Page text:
2. J614475 refers to a Great Tit ringed at Pillerton Hersey, Warwickshire on 10th November 2010 and re-captured by ringers operating in Glyn Davies Wood, Northants on 17th December 2014. This female originally hatched in 2010 so is a good age for this species and a distance of 17KM between sites is a reasonable distance too;

3. 1ET23138 refers to a Chaffinch first ringed on 26th August 2012 in Sweden at a place called Inre Fjarden near Gavleborg. It was re-captured at Stortons Gravel Pits on 17th February 2013, some 1452KM from it's ringing site. A clear example of a Scandanavian finch wintering in the warmer climes of the UK;

4. LE85059 refers to a Blackbird first caught and ringed at Stortons GP on 16th March 2014 and then found dead near Shustoke, Warwickshire on 18th January 2015, some 59KM in a westnorthwest direction;

5. LE50561 refers to a Blackbird caught and ringed in our garden at Hanging Houghton on 29th January 2013 and then being found dead on 2nd January this year at Cottingham in the East Riding of Yorkshire north of Hull. Again probably a wintering bird from the continent;

6. 7512659 refers to a Blackbird first ringed on 18th March 2014 at Bardshaugen, Skei, Surnadal, More og Romsdal, Norway and then re-captured by ringers operating at Pitsford Reservoir on 10th November 2014;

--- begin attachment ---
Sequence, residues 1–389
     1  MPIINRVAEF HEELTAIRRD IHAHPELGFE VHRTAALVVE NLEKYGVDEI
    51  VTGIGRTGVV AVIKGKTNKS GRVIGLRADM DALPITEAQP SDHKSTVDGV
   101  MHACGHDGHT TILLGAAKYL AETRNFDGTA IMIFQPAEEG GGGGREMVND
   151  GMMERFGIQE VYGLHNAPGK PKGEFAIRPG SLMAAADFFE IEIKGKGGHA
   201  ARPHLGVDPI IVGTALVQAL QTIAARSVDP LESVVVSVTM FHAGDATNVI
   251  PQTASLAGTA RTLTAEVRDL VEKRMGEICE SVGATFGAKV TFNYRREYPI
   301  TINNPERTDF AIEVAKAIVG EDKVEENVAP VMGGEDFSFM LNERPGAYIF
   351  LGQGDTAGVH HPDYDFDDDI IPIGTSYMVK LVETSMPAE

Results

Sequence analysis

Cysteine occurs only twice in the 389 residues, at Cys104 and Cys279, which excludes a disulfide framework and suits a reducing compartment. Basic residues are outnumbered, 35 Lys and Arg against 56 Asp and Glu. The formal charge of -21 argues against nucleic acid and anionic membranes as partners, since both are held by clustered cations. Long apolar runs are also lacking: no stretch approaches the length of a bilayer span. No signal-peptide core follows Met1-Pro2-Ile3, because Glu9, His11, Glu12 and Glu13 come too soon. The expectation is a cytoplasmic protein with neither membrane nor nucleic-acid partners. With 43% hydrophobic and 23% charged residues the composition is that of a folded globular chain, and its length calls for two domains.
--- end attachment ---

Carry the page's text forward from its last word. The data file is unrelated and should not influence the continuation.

7. XP98752 refers to a Great Spotted Woodpecker first ringed on 12th May 2014 in Wormley Wood, Hertfordshire which also had colour rings attached to both legs. Robert Cave saw and photographed this bird visiting garden feeders in Crick, Northants in November 2014. British birds are thought to be sedentary but this female re-located 99KM to rural Northamptonshire - who knows what stimulated her to do this!

Neil Hasdell visited Market Harborough today in an effort to see the Otters on the River Welland but couldn't find them (there was quite a bit of disturbance).


Neil M

Courtesy of Robin Gossage

Female Sparrowhawk
Courtesy of Chris Payne

Monday, 23 February 2015

Pitsford Smew


A visit to Pitsford Reservoir this morning in pleasant sunshine provided views of between 3-5 Smew north of the causeway. Initially there was a drake and two 'redheads' near to the Lagoon Hide and later there was a single 'redhead' and then a single drake in the back of the Holcot Bay. A Nuthatch is holding territory near to the Fishing Lodge and in the Holcot Bay, the first time I think this has ever happened on the reserve.